Over the summer I've been taking a course to brush up on my Java and I have yet to hit this section, but I feel like these are areas where you can spend a few hours and figure it out if you are already familiar with the core Java functionality. Or am I mistaken, and there is a lot of new Java 8 stuff that makes Java a whole new world that I need to spend some time to review?
 
Oct 25, 2017
2,418
Question for Java folks, is there something specific about Java 8 that is what you might call a "paradigm shift" such that it would be called out as something specific to know?

Recently got word from a recruiter that a company rejected my resume, and he wants to push me again, but is asking about my knowledge on Java 8, and also called out stream API and lambda expressions. Note this is for a QA automation role, so I'm kind of amused they are really digging to this level. I have Java experience writing test automation but not specifically with those latter two features (although I've seen them used).

Over the summer I've been taking a course to brush up on my Java and I have yet to hit this section, but I feel like these are areas where you can spend a few hours and figure it out if you are already familiar with the core Java functionality. Or am I mistaken, and there is a lot of new Java 8 stuff that makes Java a whole new world that I need to spend some time to review?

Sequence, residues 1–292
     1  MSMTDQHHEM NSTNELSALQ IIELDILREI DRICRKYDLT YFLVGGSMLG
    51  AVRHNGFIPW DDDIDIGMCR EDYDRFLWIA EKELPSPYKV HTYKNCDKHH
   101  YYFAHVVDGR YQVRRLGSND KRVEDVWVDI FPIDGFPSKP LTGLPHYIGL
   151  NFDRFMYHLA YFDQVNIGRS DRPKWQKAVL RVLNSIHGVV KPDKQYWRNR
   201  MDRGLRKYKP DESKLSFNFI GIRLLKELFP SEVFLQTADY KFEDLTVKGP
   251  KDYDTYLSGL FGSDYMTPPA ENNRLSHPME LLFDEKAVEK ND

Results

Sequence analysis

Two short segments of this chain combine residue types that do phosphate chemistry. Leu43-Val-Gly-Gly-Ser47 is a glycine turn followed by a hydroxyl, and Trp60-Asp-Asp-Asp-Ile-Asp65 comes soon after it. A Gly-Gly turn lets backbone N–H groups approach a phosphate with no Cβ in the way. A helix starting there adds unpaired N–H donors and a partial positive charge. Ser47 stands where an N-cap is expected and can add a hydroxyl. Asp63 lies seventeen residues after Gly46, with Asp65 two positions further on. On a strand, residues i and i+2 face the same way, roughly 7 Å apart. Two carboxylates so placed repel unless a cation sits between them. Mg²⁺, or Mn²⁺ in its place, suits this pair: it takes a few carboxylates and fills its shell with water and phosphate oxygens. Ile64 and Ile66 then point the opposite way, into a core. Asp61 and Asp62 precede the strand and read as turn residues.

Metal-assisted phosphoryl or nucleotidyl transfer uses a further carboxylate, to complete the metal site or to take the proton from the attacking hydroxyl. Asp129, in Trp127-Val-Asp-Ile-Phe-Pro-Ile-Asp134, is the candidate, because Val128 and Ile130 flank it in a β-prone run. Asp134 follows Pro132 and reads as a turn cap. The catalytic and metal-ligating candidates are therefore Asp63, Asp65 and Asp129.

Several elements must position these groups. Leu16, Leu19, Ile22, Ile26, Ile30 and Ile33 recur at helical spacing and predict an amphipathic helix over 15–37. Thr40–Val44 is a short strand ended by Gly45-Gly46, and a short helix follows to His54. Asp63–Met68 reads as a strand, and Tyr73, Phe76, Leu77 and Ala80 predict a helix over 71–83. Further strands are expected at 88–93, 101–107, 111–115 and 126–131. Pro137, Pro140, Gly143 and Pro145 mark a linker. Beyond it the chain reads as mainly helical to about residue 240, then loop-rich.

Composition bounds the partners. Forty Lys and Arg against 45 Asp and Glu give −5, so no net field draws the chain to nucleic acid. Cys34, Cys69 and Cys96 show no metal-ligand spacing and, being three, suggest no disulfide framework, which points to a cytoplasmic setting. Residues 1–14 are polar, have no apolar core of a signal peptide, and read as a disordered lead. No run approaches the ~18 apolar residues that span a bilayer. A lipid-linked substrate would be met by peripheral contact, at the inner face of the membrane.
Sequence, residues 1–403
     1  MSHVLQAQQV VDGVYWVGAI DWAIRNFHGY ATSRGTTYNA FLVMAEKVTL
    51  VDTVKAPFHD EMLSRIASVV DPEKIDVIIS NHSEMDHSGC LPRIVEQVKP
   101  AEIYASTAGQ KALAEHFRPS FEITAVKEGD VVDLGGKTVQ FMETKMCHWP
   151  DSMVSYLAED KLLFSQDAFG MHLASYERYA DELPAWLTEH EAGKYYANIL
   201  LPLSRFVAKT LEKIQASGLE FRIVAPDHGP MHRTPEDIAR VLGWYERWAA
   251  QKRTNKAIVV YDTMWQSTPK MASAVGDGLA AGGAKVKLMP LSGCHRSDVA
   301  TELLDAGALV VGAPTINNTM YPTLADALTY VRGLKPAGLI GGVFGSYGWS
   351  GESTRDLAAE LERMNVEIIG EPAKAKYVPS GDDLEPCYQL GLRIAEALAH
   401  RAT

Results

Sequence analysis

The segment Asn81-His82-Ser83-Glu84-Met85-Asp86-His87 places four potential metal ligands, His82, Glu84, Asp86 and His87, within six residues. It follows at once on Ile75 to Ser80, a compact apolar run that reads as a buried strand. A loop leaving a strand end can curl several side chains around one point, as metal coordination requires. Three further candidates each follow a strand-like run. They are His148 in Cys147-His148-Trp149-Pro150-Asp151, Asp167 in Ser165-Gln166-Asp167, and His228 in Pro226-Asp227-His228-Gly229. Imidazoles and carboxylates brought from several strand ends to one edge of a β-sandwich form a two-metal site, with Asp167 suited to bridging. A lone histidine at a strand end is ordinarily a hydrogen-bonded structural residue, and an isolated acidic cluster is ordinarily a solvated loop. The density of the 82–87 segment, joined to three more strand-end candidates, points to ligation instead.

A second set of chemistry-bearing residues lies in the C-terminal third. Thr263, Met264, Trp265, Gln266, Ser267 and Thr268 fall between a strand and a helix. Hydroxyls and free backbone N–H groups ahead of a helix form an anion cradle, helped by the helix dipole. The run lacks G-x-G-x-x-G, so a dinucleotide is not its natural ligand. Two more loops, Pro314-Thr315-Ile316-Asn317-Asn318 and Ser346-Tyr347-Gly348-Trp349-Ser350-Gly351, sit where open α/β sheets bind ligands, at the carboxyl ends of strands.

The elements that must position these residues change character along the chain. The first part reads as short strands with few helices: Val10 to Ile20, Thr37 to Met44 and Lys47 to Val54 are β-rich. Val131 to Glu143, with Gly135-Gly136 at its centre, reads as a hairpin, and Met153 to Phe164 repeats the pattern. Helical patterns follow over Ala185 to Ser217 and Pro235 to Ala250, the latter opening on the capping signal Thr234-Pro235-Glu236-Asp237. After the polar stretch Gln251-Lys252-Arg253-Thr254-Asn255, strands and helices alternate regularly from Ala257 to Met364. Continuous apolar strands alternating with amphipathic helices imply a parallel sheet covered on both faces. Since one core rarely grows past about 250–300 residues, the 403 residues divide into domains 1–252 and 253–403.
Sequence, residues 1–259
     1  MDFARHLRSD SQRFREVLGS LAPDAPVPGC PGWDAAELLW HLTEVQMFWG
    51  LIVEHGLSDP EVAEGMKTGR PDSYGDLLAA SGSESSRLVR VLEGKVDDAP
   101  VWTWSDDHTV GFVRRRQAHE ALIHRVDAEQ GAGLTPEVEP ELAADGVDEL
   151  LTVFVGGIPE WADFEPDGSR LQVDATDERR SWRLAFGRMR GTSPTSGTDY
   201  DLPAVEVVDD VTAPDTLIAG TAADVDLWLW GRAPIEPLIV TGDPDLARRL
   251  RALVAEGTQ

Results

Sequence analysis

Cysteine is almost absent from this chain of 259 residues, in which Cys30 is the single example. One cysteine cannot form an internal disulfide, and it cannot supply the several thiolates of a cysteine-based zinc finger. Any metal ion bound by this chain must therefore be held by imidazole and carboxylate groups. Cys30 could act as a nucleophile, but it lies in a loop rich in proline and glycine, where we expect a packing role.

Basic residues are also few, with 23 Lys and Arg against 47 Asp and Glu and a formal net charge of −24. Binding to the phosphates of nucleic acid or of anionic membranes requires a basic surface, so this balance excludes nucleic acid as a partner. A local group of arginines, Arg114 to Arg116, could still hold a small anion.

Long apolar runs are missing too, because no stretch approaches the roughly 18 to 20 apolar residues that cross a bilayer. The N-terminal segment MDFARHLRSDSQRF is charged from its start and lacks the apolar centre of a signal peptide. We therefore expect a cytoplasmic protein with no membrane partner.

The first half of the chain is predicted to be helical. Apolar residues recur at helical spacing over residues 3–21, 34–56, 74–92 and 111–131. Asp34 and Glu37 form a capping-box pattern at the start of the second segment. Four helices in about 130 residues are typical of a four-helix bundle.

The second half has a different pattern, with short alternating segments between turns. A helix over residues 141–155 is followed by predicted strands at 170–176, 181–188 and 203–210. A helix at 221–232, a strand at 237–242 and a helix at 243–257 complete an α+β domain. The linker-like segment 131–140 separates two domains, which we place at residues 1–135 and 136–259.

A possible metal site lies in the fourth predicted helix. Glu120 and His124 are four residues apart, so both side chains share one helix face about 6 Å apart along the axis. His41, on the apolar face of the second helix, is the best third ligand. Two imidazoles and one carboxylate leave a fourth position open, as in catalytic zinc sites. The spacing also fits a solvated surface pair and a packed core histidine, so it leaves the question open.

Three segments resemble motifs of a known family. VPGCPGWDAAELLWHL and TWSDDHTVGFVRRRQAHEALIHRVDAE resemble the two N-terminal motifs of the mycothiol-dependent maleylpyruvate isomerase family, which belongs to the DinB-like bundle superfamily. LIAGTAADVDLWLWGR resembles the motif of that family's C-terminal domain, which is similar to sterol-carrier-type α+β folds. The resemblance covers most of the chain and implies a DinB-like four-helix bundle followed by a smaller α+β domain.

Nah you pretty much got it already. Improved collections, functional api and lambdas, and streams are the major shifts with java 8.
 

Dave.

Member
Oct 27, 2017
1,329
What is the best way to learn Javascript and React? I'm trying to get a job as a front end developer and need to learn it. I know html, css, sql, bootstrap and seo. Any suggestions are greatly appreciated.
I knew JS already, but Wes Bos' course "React for Beginners" I found to be excellent. I would recommend it after you've got your head around basic JS, which shouldn't be too tough given what you know already.